Another Day- David Levithan

Another Day (Every Day, #2)

I LOVED Every Day but I don’t think this book was necessary. I felt a little let down by it.

What We Left Behind- Robin Talley

What We Left Behind

I loved Robin’s debut, so I was sad to be disappointed by this.

After You- Jojo Moyes

After You (Me Before You, #2)

It was always a gamble to read a sequel to one of my favourite books. This book didn’t work for me, unfortunately.

Ballet Shoes- Noel Streatfeild

Ballet Shoes (Shoes, #1)

I wanted to love this book! 😦

The Fault In Our Stars- John Green

The Fault in Our Stars

I know, I know. Most people love it. I liked it but wasn’t blown away.

The Coldest Girl In Coldtown- Holly Black

The Coldest Girl in Coldtown

I thought I’d love this book, but it wasn’t quite what I thought it would be.

Me & Earl & The Dying Girl- Jesse Andrews

Me & Earl & the Dying Girl

This book was okay, but I thought it was going to be WOW!

Everything I Never Told You- Celeste Ng

Everything I Never Told You

I feel like so many people would love this book but it didn’t quite work for me.

Those Girls- Lauren Saft

Those Girls

I thought this would be a fun book but sadly it wasn’t. It really irritated me at points.

I’m really intrigued to see what you’ve posted this week, so feel free to leave a link to your post and I’ll stop by!

Blog Tour- The Witchfinder’s Sister

The Witchfinder's Sister

How did I get it?:
I received it from the publisher for the blog tour! Thank you to Penguin Random House


The number of women my brother Matthew killed, so far as I can reckon it, is one hundred and six…

1645. When Alice Hopkins’ husband dies in a tragic accident, she returns to the small Essex town of Manningtree, where her brother Matthew still lives.

But home is no longer a place of safety. Matthew has changed, and there are rumours spreading through the town: whispers of witchcraft, and of a great book, in which he is gathering women’s names.

To what lengths will Matthew’s obsession drive him?
And what choice will Alice make, when she finds herself at the very heart of his plan?


I didn’t know much about this book before I was asked to be a part of the blog tour. I really liked the sound of it though. I absolutely love historical fiction and this one looked like it was going to be great.

This book is set in 1645, it centres around Alice Hopkins who returns to Manningtree, Essex when her husband dies. Alice’s brother Matthew still lives there. It used to be a safe place for Alice and her family, but Matthew has changed. There’s rumours of witchcraft in the local area and Alice finds out that Matthew is collecting women’s names in a book. Names of women he believes are using witchcraft. Alice finds herself at the heart of Matthew’s obsession.

I really enjoyed the first part of the book which I found to be incredibly intriguing. I immediately wanted to know more about the characters and to find out what was going to happen next. I was turning the pages completely sucked in by the setting. I found it fascinating to think that Matthew actually existed. That’s what really added to the story, in my opinion. It equally creeped me out at the same time! I love when books are based around fact.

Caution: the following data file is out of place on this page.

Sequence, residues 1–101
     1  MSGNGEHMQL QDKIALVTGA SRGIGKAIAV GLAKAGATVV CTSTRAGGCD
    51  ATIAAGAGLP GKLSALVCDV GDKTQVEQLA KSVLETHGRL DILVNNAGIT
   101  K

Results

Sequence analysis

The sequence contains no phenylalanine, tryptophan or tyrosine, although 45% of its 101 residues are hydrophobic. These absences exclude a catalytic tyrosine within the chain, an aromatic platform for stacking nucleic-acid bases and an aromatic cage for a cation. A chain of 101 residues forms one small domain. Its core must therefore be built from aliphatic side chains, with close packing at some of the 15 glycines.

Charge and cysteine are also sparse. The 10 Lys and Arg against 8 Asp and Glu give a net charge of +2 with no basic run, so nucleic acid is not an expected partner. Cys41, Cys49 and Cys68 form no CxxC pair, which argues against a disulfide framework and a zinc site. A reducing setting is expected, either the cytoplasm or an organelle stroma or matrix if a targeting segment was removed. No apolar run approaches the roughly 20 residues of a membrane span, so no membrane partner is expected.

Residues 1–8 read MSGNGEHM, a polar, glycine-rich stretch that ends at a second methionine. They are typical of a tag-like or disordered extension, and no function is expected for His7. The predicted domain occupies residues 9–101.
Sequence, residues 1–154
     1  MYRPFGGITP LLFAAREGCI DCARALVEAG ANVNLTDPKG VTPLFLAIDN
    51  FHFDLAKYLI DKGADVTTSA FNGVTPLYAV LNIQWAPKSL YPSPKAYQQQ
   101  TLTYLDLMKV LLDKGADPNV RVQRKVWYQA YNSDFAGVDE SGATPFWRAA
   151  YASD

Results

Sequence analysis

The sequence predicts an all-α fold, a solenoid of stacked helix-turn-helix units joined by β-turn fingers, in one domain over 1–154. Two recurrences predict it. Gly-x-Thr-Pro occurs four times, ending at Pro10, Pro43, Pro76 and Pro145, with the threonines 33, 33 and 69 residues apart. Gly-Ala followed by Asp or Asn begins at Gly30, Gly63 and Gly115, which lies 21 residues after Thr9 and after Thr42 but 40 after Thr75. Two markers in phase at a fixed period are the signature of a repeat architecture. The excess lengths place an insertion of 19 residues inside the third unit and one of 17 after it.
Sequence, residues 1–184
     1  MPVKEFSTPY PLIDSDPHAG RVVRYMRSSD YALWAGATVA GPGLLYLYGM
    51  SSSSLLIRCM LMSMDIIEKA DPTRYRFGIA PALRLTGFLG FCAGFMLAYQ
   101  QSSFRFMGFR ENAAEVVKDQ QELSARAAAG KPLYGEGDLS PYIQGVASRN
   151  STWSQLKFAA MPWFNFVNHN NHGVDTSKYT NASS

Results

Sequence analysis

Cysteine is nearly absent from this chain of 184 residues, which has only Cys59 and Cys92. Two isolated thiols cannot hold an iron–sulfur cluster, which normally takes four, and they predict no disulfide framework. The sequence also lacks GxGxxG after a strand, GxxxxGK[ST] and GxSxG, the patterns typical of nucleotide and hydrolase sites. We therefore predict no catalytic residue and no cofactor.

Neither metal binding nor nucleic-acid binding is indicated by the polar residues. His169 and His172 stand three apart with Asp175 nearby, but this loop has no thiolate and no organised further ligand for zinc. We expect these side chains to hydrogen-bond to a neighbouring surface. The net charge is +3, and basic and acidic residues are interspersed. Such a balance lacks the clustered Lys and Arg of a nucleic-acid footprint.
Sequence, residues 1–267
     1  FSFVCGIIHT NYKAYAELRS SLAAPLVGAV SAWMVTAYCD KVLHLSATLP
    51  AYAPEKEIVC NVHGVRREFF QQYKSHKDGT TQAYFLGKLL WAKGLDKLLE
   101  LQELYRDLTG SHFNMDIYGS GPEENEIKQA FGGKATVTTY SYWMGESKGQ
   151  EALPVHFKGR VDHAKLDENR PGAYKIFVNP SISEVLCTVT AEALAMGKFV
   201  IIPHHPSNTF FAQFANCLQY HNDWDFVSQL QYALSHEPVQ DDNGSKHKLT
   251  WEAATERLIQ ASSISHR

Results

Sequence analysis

I liked the way that Beth Underdown approached this story. She particularly delved into the character of Alice, exploring Alice’s struggles in her life so far. It was interesting to read her interpretation of what Matthew’s sister may have been like (if he had a sister, I’m not sure!) I thought that The Witchfinder’s Sister was a good read which explores a well known part of history in an engaging way.

Would I recommend it?:
Yes! 3.5 stars

A fantastic debut novel with some great characters!


A Week In The Life Of A Primary School Teacher- I love seeing progress!

Every Sunday (hopefully) I shall be posting a personal post about my life as a primary school teacher. I currently work at a primary school teaching Lower Key Stage 2. My training posts on this subject were really successful and so therapeutic for me, therefore I’ve decided to continue posting on the topic. I will not be naming any children, or the school where I work. If personal posts aren’t your thing then feel free to skip these posts. I won’t mind! Bookish goodness returns as normal Monday-Saturday!

I thought the last week of this half term would be a little more quiet than last week… but no. This week my class were writing up their stories and also learning about chunking in Maths. Chunking is all about division. I was faced with my first challenge really. My class are very mathematical, so when it came to teaching them to ‘chunk’ I was surprised to find out that they struggled! I’m so not used to them struggling in Maths.

That said, it didn’t take long for most of them to catch on to the method. It was great to see rapid progress before my eyes. On the Monday, they were ALL confused, by Wednesday most of them had got it and were confident with the method. This is why my job is SO rewarding. It definitely made my week!

I now have a week off, which might sound amazing to most, but I have so much work to do. I am going to squeeze time in to read and blog of course! We all need a bit of down time!

Stacking The Shelves #159

Stacking The Shelves is all about sharing the books you’re adding to your shelves, be it buying or borrowing. From ‘real’ books you’ve purchased, a book you’ve borrowed, a book you’ve been given or an e-book they can all be shared!


Phantom Limbs

I have heard great things about this book, so I’m thrilled to have a copy in my hands! 🙂

The Upside of Unrequited

I am so excited about this book. Worried too. I have high expectations as I loved the debut novel from this author!

What have you added to your shelves this week? Let me know! Feel free to leave a link. Happy Reading! 😀